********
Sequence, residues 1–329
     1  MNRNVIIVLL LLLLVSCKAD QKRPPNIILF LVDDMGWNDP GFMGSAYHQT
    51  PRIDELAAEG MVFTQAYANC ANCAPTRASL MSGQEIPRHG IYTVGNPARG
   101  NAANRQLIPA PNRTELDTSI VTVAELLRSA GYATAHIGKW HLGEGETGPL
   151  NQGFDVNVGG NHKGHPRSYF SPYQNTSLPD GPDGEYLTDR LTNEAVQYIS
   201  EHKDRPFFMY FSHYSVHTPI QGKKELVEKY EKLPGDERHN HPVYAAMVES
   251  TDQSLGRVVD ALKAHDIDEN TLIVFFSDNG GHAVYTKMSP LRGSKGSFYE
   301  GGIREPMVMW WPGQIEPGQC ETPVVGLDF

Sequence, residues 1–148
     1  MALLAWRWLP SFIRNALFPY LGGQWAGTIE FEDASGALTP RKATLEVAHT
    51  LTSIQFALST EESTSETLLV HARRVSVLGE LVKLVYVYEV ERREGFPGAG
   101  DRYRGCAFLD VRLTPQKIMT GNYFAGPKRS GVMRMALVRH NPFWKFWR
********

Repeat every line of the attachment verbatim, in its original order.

Sequence, residues 1–329
     1  MNRNVIIVLL LLLLVSCKAD QKRPPNIILF LVDDMGWNDP GFMGSAYHQT
    51  PRIDELAAEG MVFTQAYANC ANCAPTRASL MSGQEIPRHG IYTVGNPARG
   101  NAANRQLIPA PNRTELDTSI VTVAELLRSA GYATAHIGKW HLGEGETGPL
   151  NQGFDVNVGG NHKGHPRSYF SPYQNTSLPD GPDGEYLTDR LTNEAVQYIS
   201  EHKDRPFFMY FSHYSVHTPI QGKKELVEKY EKLPGDERHN HPVYAAMVES
   251  TDQSLGRVVD ALKAHDIDEN TLIVFFSDNG GHAVYTKMSP LRGSKGSFYE
   301  GGIREPMVMW WPGQIEPGQC ETPVVGLDF

Sequence, residues 1–148
     1  MALLAWRWLP SFIRNALFPY LGGQWAGTIE FEDASGALTP RKATLEVAHT
    51  LTSIQFALST EESTSETLLV HARRVSVLGE LVKLVYVYEV ERREGFPGAG
   101  DRYRGCAFLD VRLTPQKIMT GNYFAGPKRS GVMRMALVRH NPFWKFWR